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102   LOCAL ASSOCIATIONS

prominent part of its business will then consist in affording opportunities for the interchange of ideas aad for the registration and comparison of results. Such a central society would tend to bring about a general uniformity of administration the value of which is so obvious that I do not stop to insist on it.

Assuming, as I do, that the powers at the command of the local associations will be almost purely social, let us consider how those associations might be formed and conducted so as to become exceedingly influential.

It is necessary to be somewhat precise at the outset, so I will begin with the by no means improbable supposition that in a given district a few individuals, some of them of local importance, are keenly desirous of starting a local association or society, and are prepared to take trouble to that end. How should they set to work ?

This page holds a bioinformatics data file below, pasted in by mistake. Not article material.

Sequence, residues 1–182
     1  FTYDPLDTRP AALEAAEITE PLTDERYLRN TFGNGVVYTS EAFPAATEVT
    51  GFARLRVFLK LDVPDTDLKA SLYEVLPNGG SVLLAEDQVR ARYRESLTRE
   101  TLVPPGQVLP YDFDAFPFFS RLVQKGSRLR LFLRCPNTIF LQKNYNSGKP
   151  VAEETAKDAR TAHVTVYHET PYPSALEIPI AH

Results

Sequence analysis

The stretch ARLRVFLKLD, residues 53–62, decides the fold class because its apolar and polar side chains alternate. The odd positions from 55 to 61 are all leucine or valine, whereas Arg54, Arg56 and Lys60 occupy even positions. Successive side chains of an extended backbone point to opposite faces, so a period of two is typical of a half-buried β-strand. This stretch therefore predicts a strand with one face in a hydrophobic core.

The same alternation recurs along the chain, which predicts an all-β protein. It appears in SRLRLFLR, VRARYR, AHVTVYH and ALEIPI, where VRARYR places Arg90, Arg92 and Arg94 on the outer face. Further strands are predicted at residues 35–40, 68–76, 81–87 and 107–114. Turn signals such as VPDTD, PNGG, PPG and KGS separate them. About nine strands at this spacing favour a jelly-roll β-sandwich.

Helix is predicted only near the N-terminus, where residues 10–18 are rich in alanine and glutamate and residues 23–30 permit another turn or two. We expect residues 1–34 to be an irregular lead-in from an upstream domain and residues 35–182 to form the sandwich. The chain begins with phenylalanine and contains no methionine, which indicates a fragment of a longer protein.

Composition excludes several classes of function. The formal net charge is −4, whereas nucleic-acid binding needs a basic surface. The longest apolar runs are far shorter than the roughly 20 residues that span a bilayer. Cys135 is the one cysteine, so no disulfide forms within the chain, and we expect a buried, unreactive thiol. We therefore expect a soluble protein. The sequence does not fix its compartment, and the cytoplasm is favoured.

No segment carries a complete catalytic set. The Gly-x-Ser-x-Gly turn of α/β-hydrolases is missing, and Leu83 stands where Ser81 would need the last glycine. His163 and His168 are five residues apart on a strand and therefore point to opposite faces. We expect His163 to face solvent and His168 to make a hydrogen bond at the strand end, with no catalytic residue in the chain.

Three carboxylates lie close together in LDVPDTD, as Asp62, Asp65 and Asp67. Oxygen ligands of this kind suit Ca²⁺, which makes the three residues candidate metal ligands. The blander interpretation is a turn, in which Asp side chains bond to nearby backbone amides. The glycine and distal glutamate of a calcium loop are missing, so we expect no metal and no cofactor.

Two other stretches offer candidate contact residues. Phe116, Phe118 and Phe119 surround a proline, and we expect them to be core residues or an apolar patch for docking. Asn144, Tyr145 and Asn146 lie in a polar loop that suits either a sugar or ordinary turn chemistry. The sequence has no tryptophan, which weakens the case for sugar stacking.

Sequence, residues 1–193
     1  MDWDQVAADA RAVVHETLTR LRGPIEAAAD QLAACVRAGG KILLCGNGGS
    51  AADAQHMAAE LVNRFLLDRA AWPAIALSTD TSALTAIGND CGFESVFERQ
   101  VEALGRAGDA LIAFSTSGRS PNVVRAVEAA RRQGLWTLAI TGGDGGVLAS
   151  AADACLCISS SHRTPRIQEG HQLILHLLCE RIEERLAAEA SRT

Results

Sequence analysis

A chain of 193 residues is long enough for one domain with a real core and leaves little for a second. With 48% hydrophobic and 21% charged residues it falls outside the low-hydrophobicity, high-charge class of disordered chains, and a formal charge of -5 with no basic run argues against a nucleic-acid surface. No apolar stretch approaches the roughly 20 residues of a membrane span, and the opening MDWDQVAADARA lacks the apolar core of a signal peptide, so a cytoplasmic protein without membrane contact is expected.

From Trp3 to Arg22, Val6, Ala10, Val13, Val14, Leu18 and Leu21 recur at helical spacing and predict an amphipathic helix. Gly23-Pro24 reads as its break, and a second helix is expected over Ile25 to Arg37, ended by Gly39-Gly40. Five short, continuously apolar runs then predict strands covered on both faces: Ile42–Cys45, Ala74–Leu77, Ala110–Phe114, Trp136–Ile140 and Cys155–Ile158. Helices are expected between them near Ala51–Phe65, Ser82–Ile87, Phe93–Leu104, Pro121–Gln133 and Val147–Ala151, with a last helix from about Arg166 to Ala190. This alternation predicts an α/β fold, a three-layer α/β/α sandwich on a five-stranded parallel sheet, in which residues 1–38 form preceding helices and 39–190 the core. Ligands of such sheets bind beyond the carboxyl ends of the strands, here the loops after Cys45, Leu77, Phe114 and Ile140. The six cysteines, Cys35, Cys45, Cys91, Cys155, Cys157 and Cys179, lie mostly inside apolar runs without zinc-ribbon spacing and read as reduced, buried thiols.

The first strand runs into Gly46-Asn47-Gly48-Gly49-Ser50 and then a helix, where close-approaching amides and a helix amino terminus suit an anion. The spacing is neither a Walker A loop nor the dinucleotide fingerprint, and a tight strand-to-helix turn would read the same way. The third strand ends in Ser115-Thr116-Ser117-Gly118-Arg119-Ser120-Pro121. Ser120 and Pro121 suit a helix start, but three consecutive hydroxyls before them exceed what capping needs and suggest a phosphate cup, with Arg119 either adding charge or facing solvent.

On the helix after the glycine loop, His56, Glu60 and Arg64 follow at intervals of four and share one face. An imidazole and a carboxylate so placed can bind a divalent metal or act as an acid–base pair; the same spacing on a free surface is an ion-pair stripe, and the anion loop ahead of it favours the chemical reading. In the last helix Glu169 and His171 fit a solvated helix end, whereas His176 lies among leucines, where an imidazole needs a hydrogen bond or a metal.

Their initial step would seem to be to form themselves into a provisional executive committee, and to nominate a president, council, and other officers of the new society. This done, the society in question, though it would have no legal corporate existence, may be taken as formed.

The committee would next provide, with the aid of the central society, for a few sane and sensible lectures to be given on eugenics, including the A B C of heredity, at some convenient spot, and they would exert themselves to arouse a wide interest in the subjects